- The Washington Times - Friday, June 9, 2000

The Clinton administration has insisted for months it acted independently in its handling of the Elian Gonzalez case. But Immigration and Naturalization Service (INS) e-mail recently made public through the courts indicates that the White House was in very close, and probably daily, communication with the Cuban government to discuss the Elian case. Even more potentially damaging to the administration is an INS memo that strongly suggests the government agency first decided to return Elian to Cuba and later sought to find a legal justification for its decision. In other words, U.S. policy with Cuba, rather than the law, would have been the INS' overriding priority.

An INS e-mail dated Jan. 19 said, "DOS [Department of State] wants to have a daily conference call to coordinate press guidance and communications with the Cubans." If the INS were simply following U.S. laws, irrespective of the concerns of the Cuban government, then why would daily coordination for communications with the Cubans be necessary? This coordination would hardly seem appropriate if the INS were independently resolving immigration issues related to Elian.

Meanwhile, an undated INS e-mail memo asks, "What is INS going to say if someone asks why, if the [regulation] didn't really require us to give notice [to Elian's father], we moved forward as we did?" The memo goes on to say, "As noted, it is my view that the [regulation] is clear. INS has no LEGAL obligation to contact the father. The INS may have no legal basis to make a determination on that issue." (Emphasis in original.) The memo also noted that the INS should quickly move forward on finding appropriate answers to potentially meddlesome legal questions. "These are, in my view, all issues that should have been and/or must be considered very quickly. (It should be noted that I heard that [INS Commissioner Doris] Meissner is on Natl TV tonight on this case)."

Apparently the INS was more concerned about how to cover itself in the media than abiding by the law. It should go without saying that the INS ought to have considered the legal questions first rather than how to "spin them" with the Cubans. The very fact that the agency pondered these legal questions retroactively suggests that another factor, presumably U.S. relations with Cuba, was the primary concern.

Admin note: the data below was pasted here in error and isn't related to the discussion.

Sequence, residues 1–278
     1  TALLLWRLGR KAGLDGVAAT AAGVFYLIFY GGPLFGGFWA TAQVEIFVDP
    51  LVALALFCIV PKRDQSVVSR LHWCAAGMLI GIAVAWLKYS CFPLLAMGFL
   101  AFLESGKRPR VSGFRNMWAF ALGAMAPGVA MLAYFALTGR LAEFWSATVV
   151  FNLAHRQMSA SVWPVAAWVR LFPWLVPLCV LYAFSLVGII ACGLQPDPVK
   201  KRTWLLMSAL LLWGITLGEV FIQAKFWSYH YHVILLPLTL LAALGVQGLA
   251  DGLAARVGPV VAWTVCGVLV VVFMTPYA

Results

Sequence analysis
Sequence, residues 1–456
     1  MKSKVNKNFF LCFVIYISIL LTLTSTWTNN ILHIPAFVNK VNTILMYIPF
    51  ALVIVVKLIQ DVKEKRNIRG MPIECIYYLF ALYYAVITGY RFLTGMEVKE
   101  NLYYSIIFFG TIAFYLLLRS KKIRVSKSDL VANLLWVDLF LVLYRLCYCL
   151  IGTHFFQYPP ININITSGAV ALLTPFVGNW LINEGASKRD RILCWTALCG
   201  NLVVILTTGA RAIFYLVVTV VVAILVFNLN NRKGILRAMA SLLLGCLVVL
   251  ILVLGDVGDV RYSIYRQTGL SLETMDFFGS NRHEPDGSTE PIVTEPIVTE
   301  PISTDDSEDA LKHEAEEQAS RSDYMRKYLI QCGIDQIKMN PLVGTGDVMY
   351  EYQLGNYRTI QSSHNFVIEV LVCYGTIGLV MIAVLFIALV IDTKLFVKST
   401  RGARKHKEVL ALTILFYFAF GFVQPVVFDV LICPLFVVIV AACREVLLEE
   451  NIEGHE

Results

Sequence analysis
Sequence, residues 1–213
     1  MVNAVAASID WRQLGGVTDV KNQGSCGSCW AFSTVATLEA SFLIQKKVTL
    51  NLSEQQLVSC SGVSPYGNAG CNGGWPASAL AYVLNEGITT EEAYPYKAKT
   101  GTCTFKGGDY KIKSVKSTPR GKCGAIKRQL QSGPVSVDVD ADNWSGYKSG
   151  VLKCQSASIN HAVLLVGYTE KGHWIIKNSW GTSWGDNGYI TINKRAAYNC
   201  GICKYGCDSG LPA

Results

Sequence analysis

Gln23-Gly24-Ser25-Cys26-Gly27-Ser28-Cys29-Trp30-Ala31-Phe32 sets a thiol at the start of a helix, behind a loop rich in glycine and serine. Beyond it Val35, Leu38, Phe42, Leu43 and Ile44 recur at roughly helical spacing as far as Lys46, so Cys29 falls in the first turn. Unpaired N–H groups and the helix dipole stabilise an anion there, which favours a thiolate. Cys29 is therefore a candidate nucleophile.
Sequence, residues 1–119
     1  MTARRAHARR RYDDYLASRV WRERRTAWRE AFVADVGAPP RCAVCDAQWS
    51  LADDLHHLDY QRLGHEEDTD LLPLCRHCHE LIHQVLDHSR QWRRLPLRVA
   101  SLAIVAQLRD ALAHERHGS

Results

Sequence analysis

These documents appear to make explicit what has been implicit up to now. The White House has bent over backwards to oblige the Cuban government, involving even the president in an immigration matter. Initially the INS said that the question of custody should be resolved by a family court. In a press release dated Jan. 1, 1999, the INS said, "We have discussed this case with State of Florida officials who have confirmed that the issue of legal custody must be decided by its state court." After Cuban dictator Fidel Castro demanded the return of Elian to Cuba, the INS reversed course, claiming the child should be deported if his U.S. asylum petition weren't backed by his father.

The INS ultimately invaded a private American home to seize Elian a move which legal experts across the ideological spectrum have called illegal since the INS lacked a court order mandating a change in custody. Once Elian was placed in his father's custody, the INS allowed Cuban government agents to surround the child.

The combination of INS memos and actions call into question the agency's independence on the Elian matter. Judicial Watch, a public-interest group, should be commended for requesting and obtaining the public release of the memos. If administration officials put pressure on the INS to do the bidding of a communist dictator on the Elian case, the public should know about it. Congress should therefore muster the courage to hold hearings on the administration's handling of the case.

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